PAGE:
The initial Rozsutec page was made by the user Hermi.
Following discussions about improving the content of some Carpathian-related "abandoned" pages, and thanks to the Elves, I was granted the editing rights on Rozsutec.
The page is currently under reconstuction. Given the importance of this peak, all suggestions are highly welcome !
Veľký Rozsutec ("Big" rozsutec, to differenciate it from a smaller close brother), more commonly called Rozsutec or just "VR", is a highly emblematic mountain of the Slovak Carpathians, and often mentionned by the Slovaks as the "most beautiful mountain" of their country, out of the unreacheable Tatras.
Called "Wielki Rozsutiec" or "Rozsudziec" in the nearby Poland, the peak shares a common etymology with a certain "Rozsypaniec" in the Bieszczady, which tends to mean "scattered peak", and does make sense given its allure. It is called Nagy-Rozsutec in Hungarian and Große Rozsutec in German.
This peak, despite reaching a modest height, is absolutely beautiful, from all points of view, including also its historical background and legends associated to this place. The top is covered with one of the most precious and rare botanic ecosystem in Slovakia, protected by the status of the National Park.
While most mountains of such nature and from the same area tend to show smooth round-shaped ranges, topped with forests disappearing timidly as we hit 1500, Veľký Rozsutec presents a surprising jagged dolomitic tooth full of cliffs and rocky features, best appreciated as we discover the mountain while arriving in Štefanová, or from neighbouring peaks like Stoh or Chleb. Not only the mountain is extremely rewarding to ascend, but it is also surrounded by a very interesting network of gorges dug by the water erosion: Horné Diery & Nové Diery. In short, Veľký Rozsutec is the perfect playground for those who seek the most entertaining possible hike. If you are with kids and if they are in good form, you can be pretty sure they will spend an unforgettable adventurous day.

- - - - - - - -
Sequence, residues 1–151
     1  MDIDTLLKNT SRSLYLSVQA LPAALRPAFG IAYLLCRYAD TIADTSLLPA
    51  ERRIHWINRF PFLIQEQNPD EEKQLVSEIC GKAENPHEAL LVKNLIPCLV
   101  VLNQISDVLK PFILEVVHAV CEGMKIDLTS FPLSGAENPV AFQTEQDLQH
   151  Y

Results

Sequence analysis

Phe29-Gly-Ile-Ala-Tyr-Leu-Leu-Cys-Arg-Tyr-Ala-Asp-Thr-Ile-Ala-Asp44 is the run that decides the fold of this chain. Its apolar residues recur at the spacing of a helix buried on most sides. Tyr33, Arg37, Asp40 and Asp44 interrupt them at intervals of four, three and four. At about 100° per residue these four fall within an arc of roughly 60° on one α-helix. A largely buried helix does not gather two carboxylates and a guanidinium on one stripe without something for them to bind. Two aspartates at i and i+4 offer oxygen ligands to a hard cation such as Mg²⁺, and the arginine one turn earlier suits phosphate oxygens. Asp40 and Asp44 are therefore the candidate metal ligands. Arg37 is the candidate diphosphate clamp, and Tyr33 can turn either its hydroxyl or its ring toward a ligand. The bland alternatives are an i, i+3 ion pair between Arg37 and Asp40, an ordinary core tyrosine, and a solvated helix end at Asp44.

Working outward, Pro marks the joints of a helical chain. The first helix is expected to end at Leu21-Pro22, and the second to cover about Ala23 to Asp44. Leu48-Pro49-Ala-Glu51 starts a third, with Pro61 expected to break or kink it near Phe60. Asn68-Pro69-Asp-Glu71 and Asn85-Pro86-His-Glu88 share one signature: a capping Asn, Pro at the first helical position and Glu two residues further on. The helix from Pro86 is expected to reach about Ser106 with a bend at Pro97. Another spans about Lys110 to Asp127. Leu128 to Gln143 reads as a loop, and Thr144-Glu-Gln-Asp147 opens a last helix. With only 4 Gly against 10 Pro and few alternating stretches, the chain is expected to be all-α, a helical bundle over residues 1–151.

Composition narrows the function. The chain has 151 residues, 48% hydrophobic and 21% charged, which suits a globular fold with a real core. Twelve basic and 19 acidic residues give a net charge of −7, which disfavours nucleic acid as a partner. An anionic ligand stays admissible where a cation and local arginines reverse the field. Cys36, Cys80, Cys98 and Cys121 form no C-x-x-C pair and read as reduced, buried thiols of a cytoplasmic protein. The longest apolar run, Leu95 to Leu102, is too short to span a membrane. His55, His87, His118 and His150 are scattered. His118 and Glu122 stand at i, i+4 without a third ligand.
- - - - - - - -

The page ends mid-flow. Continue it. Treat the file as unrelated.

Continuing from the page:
Veľký Rozsutec lies on the northern side of the range of the Malá Fatra, almost forming the north end, and oriented NS, separating Nová Dolina (west) and Biela dolina (east). It can be recognized well in the skyline from Babia Góra, Pilsko, or Veľký Choč, to which it is often compared due to their similar craggy allure.
The top is visited by a red-marked hiking trail, equiped with fixed chains on the south side. Two important passes allow reaching this trail : Sedlo Medzirozsutce on the North (littelrally : "saddle between the Roszutec's", as it lies between Malý Rozsutec), and Sedlo Medziholie, which used to host the only mountain hut on the peak, Chata pod Rozsutcom, till it accidentally took fire on 17th January 1985. Currently, there is not any mountain hut on the mountain itself, and the nearest is Chata na Grúni, providing gorgeous views to Rozsutec.
Veľký Rozsutec is bordered by a smaller peak on its west flank, Poludnové Skaly. Seen from Štefanová, it seems almost equally high as Rozsutec itself, and suggest some twin peaks. There used to be a marked hiking trail, visible on former maps, making a loop around Poludnové Skaly and the rocks called "Skalné Mesto", but closed some time during the 80s, probably for bird nesting reasons (talking regulations on Rozsutec, read carefully the red tape). Despite closed, the route leading to the top of Rozsutec via Poludnové Skaly is also frequently mentionned, like for example this beautiful photo report blog.
On the north, but a bit further, is located the already mentionned Malý Rozsutec (1343m). Unlike its small size and friendly cylindric shape would suggest, it is the most difficult of the two. Its access from Sedlo Medzirozsutce is made via a very exposed rocky diagonal secured with a fixed chain. The access via the opposite side is made from Podrozsutec, a little but very pretty hamlet with old wooden houses. A not very commonly used route.